As is customary in the casting process of acrylic resins, some .amount of pressure is required on the dies during the curing cycle. I have found that a torque pressure of 10 lbs. to 20 lbs. per sq. inch applied by the clamp `structure 17 is required. The acrylic resin used between the surfaces 9 and 11 of the two d ies to form lthe contact lens is methyl methacrylate in powdered form with the liquid monomer mixed with it to form a syrup. The

liquid monomer must be in excess in `order to drive out any air that is trapped between the dies, both to avoid bubbles and to insure a proper `chemcial cure. This liquid monomer hardens under temperature and pressure.

This process of casting the contact lens is the same whatever positive dies are used, i.e. spherical, ellipsoidal or a composite of the two, or toric ellipsoid orelliptical torus or ,for that matter any `formed surface that can be highly polished. The dies themselves can be made of glass or hardened steel material or, for short runs, even of stainless steel. The important principle is thatvthe volume of the syrup introduced plus the pressure and the curing cycle used are the .determining factors in the final center thickness of the contact lens. The center thickness usually is kept at a minimum for each prescription and can `be controlled to 1-.10 mm.

The curing cycle is generally between 60 C. and 65 C. for at least 8 to 10 hours. It is possible to cure for shorter times at higher temperatures, but the change `in the shrinkage rate .cannot be controlled as well. The amount of syrup that must be used, by weight or volume, is critical since it rnust be different for various prescriptions and must allow for shrinkage and for excess to seal kthe dies in the sleeve against Acontamination with air. Practice .(a trial and error procedure) soon Lpermits of a precise determination Yof the quantity of syrup needed for the different prescriptions and thickness.

After curing, the dies are allowed to cool to room temperature, the clamp is loosened, the dies separated, and the finished lens removed. The finished lens is inspected for center thickness, radii of curvature of inner and outer surfaces, refracting ,power etc. The lens is always cast larger in diameter than required and then optically centered on a lathe and cut down to desired diameter. The edges are then smoothed, rounded or tapered as the case requires and is so completed.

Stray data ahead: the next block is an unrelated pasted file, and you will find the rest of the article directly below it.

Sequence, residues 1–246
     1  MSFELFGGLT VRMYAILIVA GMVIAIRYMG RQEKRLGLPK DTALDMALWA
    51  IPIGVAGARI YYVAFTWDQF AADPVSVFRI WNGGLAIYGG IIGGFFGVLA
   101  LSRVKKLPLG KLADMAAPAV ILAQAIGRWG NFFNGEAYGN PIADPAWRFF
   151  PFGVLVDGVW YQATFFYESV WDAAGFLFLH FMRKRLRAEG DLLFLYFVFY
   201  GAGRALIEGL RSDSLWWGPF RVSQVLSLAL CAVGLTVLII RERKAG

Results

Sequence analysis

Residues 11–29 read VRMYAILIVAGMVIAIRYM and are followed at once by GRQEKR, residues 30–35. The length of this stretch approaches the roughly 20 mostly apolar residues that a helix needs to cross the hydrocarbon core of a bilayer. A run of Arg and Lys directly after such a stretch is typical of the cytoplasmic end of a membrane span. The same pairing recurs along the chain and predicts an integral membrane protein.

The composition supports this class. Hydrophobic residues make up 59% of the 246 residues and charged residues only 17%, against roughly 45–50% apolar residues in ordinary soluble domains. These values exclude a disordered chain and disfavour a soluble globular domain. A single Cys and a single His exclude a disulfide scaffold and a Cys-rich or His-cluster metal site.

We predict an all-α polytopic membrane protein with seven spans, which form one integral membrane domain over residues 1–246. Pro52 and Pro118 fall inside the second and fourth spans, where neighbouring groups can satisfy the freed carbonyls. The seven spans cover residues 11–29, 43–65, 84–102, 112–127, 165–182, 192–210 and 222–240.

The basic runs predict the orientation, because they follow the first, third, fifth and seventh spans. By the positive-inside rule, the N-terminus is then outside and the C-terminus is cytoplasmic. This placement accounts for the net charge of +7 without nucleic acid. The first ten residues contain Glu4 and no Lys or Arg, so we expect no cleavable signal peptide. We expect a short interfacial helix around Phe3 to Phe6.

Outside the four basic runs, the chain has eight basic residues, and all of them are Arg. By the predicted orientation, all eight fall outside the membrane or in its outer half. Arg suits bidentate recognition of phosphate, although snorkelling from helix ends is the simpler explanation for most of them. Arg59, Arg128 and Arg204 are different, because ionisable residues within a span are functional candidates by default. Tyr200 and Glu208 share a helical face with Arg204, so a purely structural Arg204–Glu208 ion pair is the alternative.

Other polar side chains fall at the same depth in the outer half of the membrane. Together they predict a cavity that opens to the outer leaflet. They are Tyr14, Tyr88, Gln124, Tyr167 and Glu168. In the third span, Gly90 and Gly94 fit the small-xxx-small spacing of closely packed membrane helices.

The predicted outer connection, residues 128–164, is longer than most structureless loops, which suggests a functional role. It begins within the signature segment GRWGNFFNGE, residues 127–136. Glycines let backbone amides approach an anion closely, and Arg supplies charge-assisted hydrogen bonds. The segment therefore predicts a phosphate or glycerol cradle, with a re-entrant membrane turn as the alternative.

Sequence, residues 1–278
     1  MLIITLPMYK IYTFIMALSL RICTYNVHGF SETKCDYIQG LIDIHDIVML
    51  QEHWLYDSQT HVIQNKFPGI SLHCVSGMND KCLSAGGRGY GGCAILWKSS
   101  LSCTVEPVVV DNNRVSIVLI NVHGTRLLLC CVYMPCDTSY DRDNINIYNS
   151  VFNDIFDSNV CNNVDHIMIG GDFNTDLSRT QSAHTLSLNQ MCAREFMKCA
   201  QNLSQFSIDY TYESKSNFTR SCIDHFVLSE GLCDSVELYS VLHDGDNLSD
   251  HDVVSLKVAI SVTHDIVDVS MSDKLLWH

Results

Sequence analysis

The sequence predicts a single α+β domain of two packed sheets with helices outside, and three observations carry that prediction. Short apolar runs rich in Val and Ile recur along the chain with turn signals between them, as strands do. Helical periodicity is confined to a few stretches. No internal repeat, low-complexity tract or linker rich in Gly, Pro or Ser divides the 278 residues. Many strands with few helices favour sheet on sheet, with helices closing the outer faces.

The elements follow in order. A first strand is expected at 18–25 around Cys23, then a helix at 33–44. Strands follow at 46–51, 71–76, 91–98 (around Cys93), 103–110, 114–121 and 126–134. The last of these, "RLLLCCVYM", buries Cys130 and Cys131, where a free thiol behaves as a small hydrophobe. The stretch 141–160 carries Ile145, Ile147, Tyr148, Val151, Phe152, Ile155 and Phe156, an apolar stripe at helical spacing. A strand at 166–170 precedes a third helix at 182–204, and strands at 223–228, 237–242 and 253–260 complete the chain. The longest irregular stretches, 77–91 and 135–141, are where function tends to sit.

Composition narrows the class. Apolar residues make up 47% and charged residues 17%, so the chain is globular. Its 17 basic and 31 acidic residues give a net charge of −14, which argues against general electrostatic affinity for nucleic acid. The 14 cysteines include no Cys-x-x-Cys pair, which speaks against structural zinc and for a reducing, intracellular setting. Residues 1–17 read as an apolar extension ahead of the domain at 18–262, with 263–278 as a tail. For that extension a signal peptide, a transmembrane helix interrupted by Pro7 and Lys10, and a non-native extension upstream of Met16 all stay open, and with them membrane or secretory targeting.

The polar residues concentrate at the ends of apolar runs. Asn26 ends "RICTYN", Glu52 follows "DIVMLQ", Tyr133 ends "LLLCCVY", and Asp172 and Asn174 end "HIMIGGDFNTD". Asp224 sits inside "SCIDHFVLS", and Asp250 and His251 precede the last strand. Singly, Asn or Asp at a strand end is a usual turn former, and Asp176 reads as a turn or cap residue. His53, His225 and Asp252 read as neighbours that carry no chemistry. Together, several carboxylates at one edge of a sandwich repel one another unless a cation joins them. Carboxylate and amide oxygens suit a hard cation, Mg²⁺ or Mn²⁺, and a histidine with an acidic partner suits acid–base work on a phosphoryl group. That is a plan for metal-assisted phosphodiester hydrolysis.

An alternative method of making a composite spherical optic zone and an ellpsoidal inside surface.

I have evolved a method of taking a finished spherical contact lens, that is, one which has the required Rl, in the spherical optic zone on the interior surface, and a proper curve on the exterior surface (to give the proper prescription) and then grinding onto the inner surface outside of the optical zone of the leus an ellipsoidal peripheral surface (or toric ellipsoid or elliptical torus surface) of selected desired dimensions to fit the patients eye. The method involves the folowing steps f and utilizes the equipment shown in FIG. 10'.

(1) A positive grinding tool 19 of the desired ellipsoidal surface 20 is formed, preferably of cast iron or meanite metal or abrasive stone, and of an -outer diameter of approximately 11.0 mm. The grinding tool has a flat surface at 21 extending over an area of 6.5 mm. diameter. The major lor long axis of the ellipse lies along the long axis ofthe shaft 22.

(2) The grinding tool 19 is mounted in a chuck and linked by means of a shaft 22 to a motor lathe turning at a speed of about r.p.m. A spherical contact lens 18 is then mounted on a suitable stationery holder 23 With either blocking wax or double adhesive tape (adhesive on both sides of the tape) 24.

(3) While the ellipsoidal tool is rotating in the chuck of the motor, fine emery is added when cast iron is used, or water added when an abrasive stone tool is used, and the lens brought in contact with the ellipsoidal tool. If the proper tool has been selected, the grinding will always start at the outer periphery and continue inwards, thereby grinding a fairly true elliptical surface. The lens holder is held in the hand and barely oscillated only 1/2 mm. to and fro to break up (for Ipolishing purposes) the circular grinding marks left by the ernery grains. This is continued until the desired optic zone area is left. This is usually 7 mm. to 7.5 mm. Where necessary, this can be reduced to 6.5 mm. and even less.

(4) The lens is polished with a flexible polisher made of sponge rubber shaped to the approximate form of ellipsoid and covered with a polishing cloth. This, together with any standard plastic polishing liquid, will polish out any -grinding marks left in the lens and give a high gloss and smooth finish.